GROWING WITH POTENTIAL
When the Canadian Federation of Agriculture (CFA-FCA) looked for a host destination for their 2021 conference, Charlottetown, in Prince Edward Island (PEI) was an easy choice. In part because 42 percent (594,000 acres) of the island’s land is farmed, but also for the “tranquil nature of the island,” says Laurie Karson, director of communications and stakeholder relations for the CFA – FCA. She describes being particularly impressed that she could see stars and ocean from the city centre.
“Everyone is so kind and welcoming, and the vistas are so beautiful that one can not help but feel calm and blissful,” says Karson. “The CFA has an objective to create an outstanding conference and delegate experience for these farm leaders, and what better location than PEI?”
Known as Canada's Food Island, PEI offers a pool of local experts available at the University of Prince Edward Island, which offers studies in applied climate change and adaptation, environment, wildlife conservation, biotechnology and sustainable engineering. Agriculture & Agri-Food Canada maintains a 65-hectare (160 acre) research facility in Charlottetown and a 330-hectare (815-acre) research farm, with state-of-the-art greenhouses, which have a heavily research focus on sustainable production systems, managing soil and water resources, pest management for maximum benefit and minimal risk, bioresources and value-added crops. More experts are available from the Atlantic Veterinary College based in Charlottetown.
An affordable alternative
With its quaint capital city, its state-of-the-art PEI Convention Centre, rich cultural and culinary heritage, endless picturesque golf courses, and industry leadership in agriculture, life sciences, arts and culture, PEI is an affordable alternative to larger urban centres. Rose Fitzpatrick, manager of marketing & communications at Prince Edward Island BioAlliance agrees, “PEI is a world-class location for hosting international meetings and events, due in part to our leading expertise in a number of areas of research and business in industries such as agriculture, aquaculture, biotechnology, and music and culinary arts.”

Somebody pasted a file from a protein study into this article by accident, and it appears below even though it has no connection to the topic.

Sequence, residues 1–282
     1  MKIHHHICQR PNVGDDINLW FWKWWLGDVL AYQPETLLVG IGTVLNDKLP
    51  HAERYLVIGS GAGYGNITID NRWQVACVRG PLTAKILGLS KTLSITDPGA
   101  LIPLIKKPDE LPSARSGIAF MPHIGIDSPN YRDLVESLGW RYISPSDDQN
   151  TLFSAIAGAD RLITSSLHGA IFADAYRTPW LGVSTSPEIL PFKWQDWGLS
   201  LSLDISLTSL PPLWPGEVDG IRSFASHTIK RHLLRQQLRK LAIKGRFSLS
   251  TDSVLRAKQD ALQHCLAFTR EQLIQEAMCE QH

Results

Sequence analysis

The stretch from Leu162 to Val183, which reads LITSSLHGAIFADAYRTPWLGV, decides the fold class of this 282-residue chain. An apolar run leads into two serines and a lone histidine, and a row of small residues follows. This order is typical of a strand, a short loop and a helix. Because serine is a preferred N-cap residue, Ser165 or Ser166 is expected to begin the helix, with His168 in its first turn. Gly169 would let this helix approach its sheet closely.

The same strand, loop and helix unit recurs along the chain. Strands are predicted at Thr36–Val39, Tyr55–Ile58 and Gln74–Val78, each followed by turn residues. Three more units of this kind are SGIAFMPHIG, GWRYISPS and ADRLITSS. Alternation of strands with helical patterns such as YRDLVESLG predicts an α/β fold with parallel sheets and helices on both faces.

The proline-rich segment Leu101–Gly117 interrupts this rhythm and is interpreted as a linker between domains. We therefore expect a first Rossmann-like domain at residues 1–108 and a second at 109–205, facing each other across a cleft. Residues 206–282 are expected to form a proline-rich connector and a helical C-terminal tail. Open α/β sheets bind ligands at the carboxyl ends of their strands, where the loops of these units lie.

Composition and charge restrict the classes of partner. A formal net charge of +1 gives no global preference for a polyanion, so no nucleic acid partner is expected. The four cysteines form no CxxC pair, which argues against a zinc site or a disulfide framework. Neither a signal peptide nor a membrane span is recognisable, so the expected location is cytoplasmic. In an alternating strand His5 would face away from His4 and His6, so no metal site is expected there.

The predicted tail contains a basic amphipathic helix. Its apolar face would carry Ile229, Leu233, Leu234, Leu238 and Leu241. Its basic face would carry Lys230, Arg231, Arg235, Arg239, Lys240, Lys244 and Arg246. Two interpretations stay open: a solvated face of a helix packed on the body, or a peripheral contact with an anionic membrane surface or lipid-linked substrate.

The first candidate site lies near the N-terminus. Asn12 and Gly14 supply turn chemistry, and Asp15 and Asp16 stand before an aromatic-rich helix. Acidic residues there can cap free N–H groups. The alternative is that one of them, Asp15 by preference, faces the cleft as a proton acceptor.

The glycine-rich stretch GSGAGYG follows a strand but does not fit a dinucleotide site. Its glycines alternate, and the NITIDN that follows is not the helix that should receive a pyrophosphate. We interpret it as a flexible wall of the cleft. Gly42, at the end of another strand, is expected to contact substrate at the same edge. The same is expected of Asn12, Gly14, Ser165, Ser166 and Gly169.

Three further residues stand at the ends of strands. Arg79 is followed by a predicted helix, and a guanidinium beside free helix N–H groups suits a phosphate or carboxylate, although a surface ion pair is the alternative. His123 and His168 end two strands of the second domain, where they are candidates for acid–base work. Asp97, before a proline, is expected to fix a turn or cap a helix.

Industry expertise, picturesque landscapes, and dynamic culture aside, Fitzpatrick says it’s the people who really make conference delegates feel right at home on Prince Edward Island, “As Canada’s smallest province, PEI punches above our weight in providing professional customer service and building collaborative relationships. Most Islanders take pride in acting as official ambassadors to visitors from all over the world, keeping guests coming back for more time and time again.”
Exploring the local ecosystem
Connecting conference-goers with the local ecosystem is easy on PEI where the small nature of the island creates a collaborative community. Karson notes that for her event which hosts top farm leaders from Europe, Mexico, United States and Canada, off-site networking is critical. PEI’s small footprint and proximity to farmlands will allow the CFA to incorporate two farm tours into their agenda.
Creating meetings with purpose
By augmenting speakers series with Canadian subject matter experts, or enriching their programming with localized technical tours, and lab visits, business event organizers can attract delegates, increase revenues, fuel innovation, and even inspire future generations. “We call that 'meeting with purpose,'” says Virginie De Visscher, senior director of business development, economic sectors for Destination Canada Business Events who points out that when the time is right for in-person events to resume, Canada is poised to show off its deep agricultural roots, its innovation ecosystems, and the researchers and industry leaders who are feeding the world.